Bill Obermann oversees the monitor for the Denver Department of Public Health and the Environment. Since it began operating in 2017, he said it’s registered some spikes in particulate pollution linked to construction dust but has not measured levels above federal air quality standards for a range of pollutants.
While the monitor is near the park, Obermann says its readings shouldn’t be treated as an indication of air quality at the park. “We’re not monitoring directly on the deck,” he said. “The purpose of the study is not to determine if it’s safe for kids to play at the location.”
CPR News nevertheless analyzed the readings from the air quality monitor and compared it with six other Denver air quality monitors. The analysis shows that Elyria-Swansea and Globeville regularly experience the worst particulate air pollution in the city.
Whether the highway project worsened the situation is less clear. Over the last five years, readings from the Swansea Elementary monitor suggest average particulate levels are higher now than before the I-70 viaduct was torn down. However, average levels of nitrogen dioxide, a pollutant closely associated with traffic pollution, have declined since the project wrapped up late last year, CPR’s analysis shows.
The elementary school air monitor is scheduled to be switched off at the end of the year. While long-term air quality might help show the community impact of traffic along that section of I-70, Obermann reiterated that the sensor's main purpose was to monitor pollution during construction.
Guarding against traffic emissions
Air quality concerns are only one reason anti-highway activists now see Denver’s park as a cautionary tale.
Ben Crowther is the policy director of America Walks and coordinates the Freeway Fighters Network, a coalition pushing leaders to dismantle highways or, at a minimum, find ways to minimize the harmful effects on residents.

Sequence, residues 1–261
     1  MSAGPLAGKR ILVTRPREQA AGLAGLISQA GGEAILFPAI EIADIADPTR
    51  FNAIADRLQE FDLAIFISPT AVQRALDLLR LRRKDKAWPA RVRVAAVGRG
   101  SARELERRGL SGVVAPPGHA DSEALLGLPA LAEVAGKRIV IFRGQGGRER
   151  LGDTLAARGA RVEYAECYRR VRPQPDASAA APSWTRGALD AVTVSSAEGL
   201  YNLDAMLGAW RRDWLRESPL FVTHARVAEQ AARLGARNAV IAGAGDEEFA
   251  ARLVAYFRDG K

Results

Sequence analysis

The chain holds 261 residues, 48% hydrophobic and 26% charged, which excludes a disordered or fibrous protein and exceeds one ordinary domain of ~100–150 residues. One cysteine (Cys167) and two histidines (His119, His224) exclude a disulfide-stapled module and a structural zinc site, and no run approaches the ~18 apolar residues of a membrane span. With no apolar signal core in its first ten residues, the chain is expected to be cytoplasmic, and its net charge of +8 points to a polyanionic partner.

In his analysis, caps make the most sense as a solution for entrenched highways, such as the freeway the federal government now plans to help cover in Buffalo, N.Y. While he prefers efforts to remove freeways altogether, he recognizes that isn’t always practical due to available funding or transportation needs.
Denver’s cap simply didn’t meet those criteria, he said. The city had an option to remove the highway altogether but nixed the idea due to concerns over costs and logistics. Even then, planners chose a design without ventilation to help minimize the risk of exposure to dangerous air quality. All those reasons are why Crowther thinks other cities shouldn’t take any inspiration from Denver’s new park.
“The cap is now in an area that's likely covered by car exhaust. It’s really a meager concession, at best,” Crowther said.
The potential risk hasn’t stopped the park from becoming a popular amenity in Elyria-Swansea. On a recent fall evening, a sunset backlit dueling teams of flag football players on the artificial grass field. Nearby, Emmanuel Bruno held her infant daughter while her nieces and nephews scrambled up a playground.
It was Bruno’s first visit to the park. Her only immediate air quality concern was the pervasive smell wafting from the Nestle Purina pet food plant. Without any noticeable traffic sound, she hadn’t realized her family was now directly atop I-70.
That changed as she thought about the possibility of emissions rising toward her family.
“The park is beautiful,” she said, “ but, in the long run, how long will it last?”
Kevin J. Beaty contributed reporting.